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May 10, 2009



Long story short: It's what happened after Elizabeth Godfrey married Bala Musa Bojang and became annoyed because no one could pronounce her new name (the correct pronunciation is Bo-johng).

Here's Mary Pilon's April 15, 2009 Wall Street Journal story with more.


Exactly How To You Pronounce Your Name Again, Miss.... Miss?

Elizabeth Bojang wants to say your name right for posterity.

She always leaves her McLean, Va., home with a tape recorder. She asks people on the street, her dry cleaner and her colleagues at the insurance company where she works to record their first and last names for her Web site, www.howtosaythatname.com. So far in her quest, she has amassed more than 11,000 pronunciations ranging from "Aabha" to "Zwai."

Elizabeth Bojang, pronounced Bo-johng, created a Web site for unusual name pronunciations.

The idea came about after Ms. Bojang stopped using her maiden name, Godfrey, when she married Bala Musa Bojang, her Gambian husband. "I used to dread hearing it," because it was so often mispronounced, says Ms. Bojang. (The correct pronunciation is Bo-johng.)

The Internet has been a blessing for amateur and professional genealogists. But even when surname roots can be traced online, how last names are pronounced still causes confusion, especially in the cross-cultural mix of globalization. In fact, researchers say it is likely that many of our ancestors would be appalled at how their last names are pronounced today.

Suzanne Russo Adams, a genealogist for Ancestry.com, studied the last names of Italian immigrants and found that most who came to the U.S. in the early 1900s changed the pronunciation of their names after learning English and living in the country for a while. Some genealogists find that even parents and children pronounce their shared last name differently.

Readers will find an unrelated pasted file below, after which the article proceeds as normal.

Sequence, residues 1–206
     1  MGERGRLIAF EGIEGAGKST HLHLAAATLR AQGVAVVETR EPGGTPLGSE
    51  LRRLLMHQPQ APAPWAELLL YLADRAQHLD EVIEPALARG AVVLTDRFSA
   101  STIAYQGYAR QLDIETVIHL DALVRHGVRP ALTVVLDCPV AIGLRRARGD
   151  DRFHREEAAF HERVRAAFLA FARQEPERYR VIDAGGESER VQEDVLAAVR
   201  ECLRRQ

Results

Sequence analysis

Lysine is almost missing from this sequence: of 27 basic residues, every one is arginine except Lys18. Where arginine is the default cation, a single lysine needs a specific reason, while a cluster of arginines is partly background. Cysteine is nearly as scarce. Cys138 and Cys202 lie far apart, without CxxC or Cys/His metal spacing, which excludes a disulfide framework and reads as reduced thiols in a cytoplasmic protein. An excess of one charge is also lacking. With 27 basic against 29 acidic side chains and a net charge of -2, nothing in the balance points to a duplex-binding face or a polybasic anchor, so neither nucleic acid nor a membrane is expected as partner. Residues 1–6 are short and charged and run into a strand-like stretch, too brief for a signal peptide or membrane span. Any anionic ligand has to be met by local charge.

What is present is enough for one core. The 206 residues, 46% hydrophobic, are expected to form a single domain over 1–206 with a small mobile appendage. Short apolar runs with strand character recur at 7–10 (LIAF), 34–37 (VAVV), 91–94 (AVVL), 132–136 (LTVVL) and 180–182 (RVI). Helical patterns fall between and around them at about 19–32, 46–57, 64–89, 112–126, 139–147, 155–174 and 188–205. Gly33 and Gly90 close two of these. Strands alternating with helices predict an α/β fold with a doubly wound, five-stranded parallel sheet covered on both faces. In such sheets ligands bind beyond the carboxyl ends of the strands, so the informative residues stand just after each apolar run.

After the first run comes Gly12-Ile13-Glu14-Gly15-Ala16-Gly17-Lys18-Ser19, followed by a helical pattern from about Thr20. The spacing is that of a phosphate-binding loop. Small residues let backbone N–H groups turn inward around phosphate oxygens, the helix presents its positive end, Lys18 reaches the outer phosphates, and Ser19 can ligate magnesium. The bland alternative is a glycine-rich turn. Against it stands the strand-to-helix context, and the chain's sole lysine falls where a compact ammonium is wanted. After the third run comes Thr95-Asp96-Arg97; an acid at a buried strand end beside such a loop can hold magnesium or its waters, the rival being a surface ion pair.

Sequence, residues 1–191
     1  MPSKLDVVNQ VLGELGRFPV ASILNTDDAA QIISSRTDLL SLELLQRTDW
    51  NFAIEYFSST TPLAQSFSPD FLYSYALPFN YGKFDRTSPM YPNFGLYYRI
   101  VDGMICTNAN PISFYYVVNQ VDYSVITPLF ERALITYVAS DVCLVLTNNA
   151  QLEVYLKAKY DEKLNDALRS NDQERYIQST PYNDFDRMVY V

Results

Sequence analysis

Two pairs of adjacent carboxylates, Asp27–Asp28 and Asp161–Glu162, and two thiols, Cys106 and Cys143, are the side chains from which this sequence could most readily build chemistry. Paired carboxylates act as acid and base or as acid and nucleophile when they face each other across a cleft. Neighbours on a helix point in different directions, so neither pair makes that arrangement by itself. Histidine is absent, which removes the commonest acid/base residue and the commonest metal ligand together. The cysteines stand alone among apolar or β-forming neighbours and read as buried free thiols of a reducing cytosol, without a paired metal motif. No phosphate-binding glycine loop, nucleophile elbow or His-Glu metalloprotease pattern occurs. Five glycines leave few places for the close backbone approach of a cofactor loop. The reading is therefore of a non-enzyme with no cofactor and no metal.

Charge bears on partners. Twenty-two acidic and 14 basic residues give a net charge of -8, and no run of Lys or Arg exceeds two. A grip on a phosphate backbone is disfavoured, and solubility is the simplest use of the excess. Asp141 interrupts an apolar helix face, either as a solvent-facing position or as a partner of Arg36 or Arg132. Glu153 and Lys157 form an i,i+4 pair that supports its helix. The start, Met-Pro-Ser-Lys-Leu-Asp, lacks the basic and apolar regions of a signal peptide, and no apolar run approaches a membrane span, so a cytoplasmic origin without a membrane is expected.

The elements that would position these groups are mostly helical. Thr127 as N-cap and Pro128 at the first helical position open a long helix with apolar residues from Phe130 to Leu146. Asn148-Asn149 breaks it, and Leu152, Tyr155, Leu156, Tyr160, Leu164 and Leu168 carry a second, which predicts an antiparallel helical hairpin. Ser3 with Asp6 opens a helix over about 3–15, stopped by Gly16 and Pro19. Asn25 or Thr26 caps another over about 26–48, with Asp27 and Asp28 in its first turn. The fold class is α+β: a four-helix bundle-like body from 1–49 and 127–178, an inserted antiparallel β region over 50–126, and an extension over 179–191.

University of Florida linguistics professor Ben Hebblethwaite (the "th" isn't silent) noticed some of his students have dual pronunciations of their last names -- an anglicized pronunciation for school and a more traditional pronunciation at home.

In general, pronunciations get simpler over time: Consonants cluster, spellings are shortened, vowel pitches altered. Even with these historical signposts, there are few hard-and-fast rules about name pronunciation in English. "It's a mess," Prof. Hebblethewaite says.

Through research, Prof. Hebblethwaite has traced his own surname to Norwegians who invaded what is now Northern Britain as Vikings. "Heaven only knows how they pronounced it," he says.

Pinky Thakkar (silent "h"), an engineer from Mumbai, started the Web site www.pronouncenames.com after she moved to San Jose, Calif., and mispronounced the "J" in "San Jose," not giving it the "H" sound used in Spanish words. Properly pronouncing person and place names proved nearly impossible for Ms. Thakkar and her friends from abroad, she says.

More than 75,000 entries, including 38,000 audio files, have been submitted to Ms. Thakkar's Web site since it launched in 2006. She manages the site with six other volunteers.

Ms. Thakkar is now working on an algorithm that would allow site users to record a name as they heard it and then have the site churn out a proper spelling based on the audio submission. She also is looking to expand the site's ability to provide audio pronunciations based on a user's typed-in guess. For example, if a user heard the Indian surname "Sridharan," but had no idea how to pronounce it, he or she could enter a guess such as "shree the run" and the accurate spelling would appear.

Pronouncenames.com's followers include teachers, graduation speakers, sports announcers and foreigners trying to improve their English.

The new technology could help people such as Vathanyu Chaipattanawanich. The 19-year-old mechanical-engineering student at Lehigh University in Pennsylvania is regularly greeted by flustered faces when he swipes his credit card, fills out forms and wins awards. He says that although his 25-letter Thai name has been an ice-breaker for years, "everyone calls me 'Tab.'"

Mr. Chaipattanawanich joined the 600-plus member Facebook group, "Nobody Can Pronounce My Last Name," one of several on the site organized around that theme.

Both Ms. Bojang and Ms. Thakkar are a long way from documenting the six million last names recorded in a 2007 U.S. Census Bureau study. But they are gratified that their sites might be helping befuddled speakers.

In a few years, Ms. Bojang's 3-year-old daughter Nyima and 7-month-old son Kebba will head to grade school. Their names are pronounced "knee-ma" and "kay-bah." Ms. Bojang, a former teacher, knows the headaches of a class roster, but is optimistic.

"Hopefully," she says, "the Web site will help them."

May 10, 2009 at 10:01 AM | Permalink


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